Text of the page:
She also appeared on both Geraldo Rivera’s and Howard Stern’s shows.

“I wanted what [Bonds] promised and what I lost,” she explained, fighting back tears and struggling to keep her composure after hours of testimony last week.

She ended up selling her Arizona house to pay off debts and moved back to California.

Most people who start out in similar situations don’t initially realize what they’re getting into until they’re in too deep, says Dr. Jennings.

“It’s a lot like riding a tiger,” she says. “They want to get off but have no idea how to do it without getting hurt, and the sad part of it is they are going to get hurt.”

The friend

The woman who had introduced Bell to Bonds back in 1994, Katherine Hoskins, also took the stand.

She and her brother, Steve, have known Bonds since childhood.

Her brother was Bonds’s personal assistant, making appointments for him, while she became his “shopper,” particularly of his clothing. She also packed his clothes at his home before he went on road trips.

She testified that every time she packed for Bonds, she saw his trainer, Greg Anderson, with him and they’d “go into the office for one or two minutes, come back out.”

One day in 2002, she said, they came into the bedroom where she was packing and Bonds told Mr. Anderson “let’s do it right here,” according to Ms. Hoskins's testimony.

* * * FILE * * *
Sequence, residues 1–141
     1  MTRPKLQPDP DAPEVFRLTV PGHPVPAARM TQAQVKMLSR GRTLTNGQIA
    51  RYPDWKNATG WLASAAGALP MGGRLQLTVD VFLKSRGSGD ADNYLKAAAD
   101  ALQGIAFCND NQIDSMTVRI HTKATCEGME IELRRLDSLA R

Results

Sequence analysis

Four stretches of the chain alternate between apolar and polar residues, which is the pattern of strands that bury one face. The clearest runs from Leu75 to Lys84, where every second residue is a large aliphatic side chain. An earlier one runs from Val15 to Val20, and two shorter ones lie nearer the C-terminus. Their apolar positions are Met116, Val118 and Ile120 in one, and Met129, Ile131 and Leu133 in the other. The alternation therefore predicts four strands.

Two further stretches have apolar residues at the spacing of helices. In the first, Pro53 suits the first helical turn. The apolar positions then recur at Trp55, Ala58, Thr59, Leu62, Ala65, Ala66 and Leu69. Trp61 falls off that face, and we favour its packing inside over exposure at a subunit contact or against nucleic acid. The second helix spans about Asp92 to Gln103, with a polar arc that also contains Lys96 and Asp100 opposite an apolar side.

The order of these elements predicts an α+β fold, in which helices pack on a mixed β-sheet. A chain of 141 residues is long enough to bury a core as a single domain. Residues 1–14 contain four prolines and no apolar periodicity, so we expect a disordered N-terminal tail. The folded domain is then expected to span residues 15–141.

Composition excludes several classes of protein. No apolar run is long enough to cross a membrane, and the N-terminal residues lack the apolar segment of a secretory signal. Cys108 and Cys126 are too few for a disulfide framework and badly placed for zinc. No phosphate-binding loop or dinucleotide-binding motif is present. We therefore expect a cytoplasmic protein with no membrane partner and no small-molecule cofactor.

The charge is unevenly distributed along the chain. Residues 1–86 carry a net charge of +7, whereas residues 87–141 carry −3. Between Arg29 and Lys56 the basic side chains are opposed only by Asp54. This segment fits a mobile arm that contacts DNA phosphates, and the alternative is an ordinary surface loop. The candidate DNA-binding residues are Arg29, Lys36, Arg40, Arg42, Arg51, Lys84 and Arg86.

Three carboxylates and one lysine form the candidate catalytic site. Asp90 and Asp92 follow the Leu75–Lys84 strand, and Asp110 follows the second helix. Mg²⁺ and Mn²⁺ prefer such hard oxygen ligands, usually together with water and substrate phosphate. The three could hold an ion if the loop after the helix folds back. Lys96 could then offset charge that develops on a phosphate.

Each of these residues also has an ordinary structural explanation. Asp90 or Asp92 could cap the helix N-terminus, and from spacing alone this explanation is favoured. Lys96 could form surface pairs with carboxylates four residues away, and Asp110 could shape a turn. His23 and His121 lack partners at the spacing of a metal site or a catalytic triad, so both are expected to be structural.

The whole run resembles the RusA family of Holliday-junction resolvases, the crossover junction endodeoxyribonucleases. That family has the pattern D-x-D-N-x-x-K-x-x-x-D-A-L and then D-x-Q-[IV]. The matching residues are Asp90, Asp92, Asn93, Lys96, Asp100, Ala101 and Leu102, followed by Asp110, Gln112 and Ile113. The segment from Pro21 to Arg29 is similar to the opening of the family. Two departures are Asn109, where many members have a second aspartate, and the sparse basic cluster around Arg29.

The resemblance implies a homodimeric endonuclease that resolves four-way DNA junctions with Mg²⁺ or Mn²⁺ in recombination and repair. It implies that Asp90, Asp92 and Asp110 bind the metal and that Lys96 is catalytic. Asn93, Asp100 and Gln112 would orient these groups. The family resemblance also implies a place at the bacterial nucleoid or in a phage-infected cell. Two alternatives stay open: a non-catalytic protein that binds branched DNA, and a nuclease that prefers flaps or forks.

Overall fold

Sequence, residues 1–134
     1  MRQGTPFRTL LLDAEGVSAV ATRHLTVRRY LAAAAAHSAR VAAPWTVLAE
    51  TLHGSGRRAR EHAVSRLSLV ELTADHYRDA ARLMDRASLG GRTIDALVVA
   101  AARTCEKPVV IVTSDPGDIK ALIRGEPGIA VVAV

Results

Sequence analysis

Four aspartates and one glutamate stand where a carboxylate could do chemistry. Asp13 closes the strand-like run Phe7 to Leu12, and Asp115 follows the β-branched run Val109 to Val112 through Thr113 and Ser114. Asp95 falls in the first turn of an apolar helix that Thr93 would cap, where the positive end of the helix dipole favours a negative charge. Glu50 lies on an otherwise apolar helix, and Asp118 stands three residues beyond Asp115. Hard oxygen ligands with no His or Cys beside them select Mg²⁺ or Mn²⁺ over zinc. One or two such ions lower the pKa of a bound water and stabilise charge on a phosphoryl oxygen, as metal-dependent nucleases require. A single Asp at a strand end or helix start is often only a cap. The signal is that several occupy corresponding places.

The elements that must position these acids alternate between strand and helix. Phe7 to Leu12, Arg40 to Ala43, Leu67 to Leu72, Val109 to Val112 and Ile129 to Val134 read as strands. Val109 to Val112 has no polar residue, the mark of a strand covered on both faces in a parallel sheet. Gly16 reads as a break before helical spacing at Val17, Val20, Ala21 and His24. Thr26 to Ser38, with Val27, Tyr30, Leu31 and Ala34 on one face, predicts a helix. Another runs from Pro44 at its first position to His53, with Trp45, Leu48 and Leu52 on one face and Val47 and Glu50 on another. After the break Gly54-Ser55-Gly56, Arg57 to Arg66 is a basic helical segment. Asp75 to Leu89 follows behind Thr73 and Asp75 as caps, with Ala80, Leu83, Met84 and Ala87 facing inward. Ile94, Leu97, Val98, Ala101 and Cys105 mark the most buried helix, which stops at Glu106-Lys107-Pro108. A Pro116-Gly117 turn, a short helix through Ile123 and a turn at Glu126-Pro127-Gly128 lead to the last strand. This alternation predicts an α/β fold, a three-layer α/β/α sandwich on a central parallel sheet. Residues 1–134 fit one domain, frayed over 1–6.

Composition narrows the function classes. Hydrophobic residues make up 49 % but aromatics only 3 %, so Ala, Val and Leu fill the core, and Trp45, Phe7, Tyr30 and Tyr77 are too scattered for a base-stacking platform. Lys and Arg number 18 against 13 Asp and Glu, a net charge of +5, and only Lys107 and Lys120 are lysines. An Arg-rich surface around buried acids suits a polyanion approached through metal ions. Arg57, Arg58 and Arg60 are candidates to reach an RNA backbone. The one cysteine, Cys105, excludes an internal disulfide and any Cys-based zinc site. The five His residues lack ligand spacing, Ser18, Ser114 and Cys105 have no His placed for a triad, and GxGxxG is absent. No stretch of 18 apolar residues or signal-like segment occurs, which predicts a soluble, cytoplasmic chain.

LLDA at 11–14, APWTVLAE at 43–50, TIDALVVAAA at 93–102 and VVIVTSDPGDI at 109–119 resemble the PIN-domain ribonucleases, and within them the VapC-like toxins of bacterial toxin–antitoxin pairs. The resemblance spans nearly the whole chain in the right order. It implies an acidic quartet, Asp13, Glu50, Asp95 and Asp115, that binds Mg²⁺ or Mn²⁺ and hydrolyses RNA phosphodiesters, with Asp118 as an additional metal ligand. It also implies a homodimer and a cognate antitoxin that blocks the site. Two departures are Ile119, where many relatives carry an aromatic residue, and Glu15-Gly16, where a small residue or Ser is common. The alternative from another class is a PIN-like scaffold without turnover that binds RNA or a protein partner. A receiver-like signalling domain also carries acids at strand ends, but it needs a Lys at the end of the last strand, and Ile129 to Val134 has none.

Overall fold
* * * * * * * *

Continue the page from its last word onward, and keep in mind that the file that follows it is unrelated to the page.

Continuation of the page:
When Anderson seemed nervous about this, Bonds told him, “This is Katie. She’s my girl. She won’t tell anybody.”

She said she saw Anderson inject Bonds in his navel area with something from a syringe, she didn’t know what, and then Bonds turned to her and said, “That’s a little somethin’ somethin’ for when I go on the road. You can’t detect it.”

In 2003, Bonds accused Mr. Hoskins of stealing from him and the friendship ended abruptly. Bonds banished Steve from his life, although Katherine packed for Bonds a couple of times after that.

The last time she spoke to Bonds was at his father Bobby Bonds’ funeral in August of that year.

Her brother, however, wasn’t allowed at the funeral.

At this point in the cross-examination, Ms. Hoskins’s demeanor, which had been feisty, began to crack and she lifted her glasses up to wipe tears away with a paper napkin.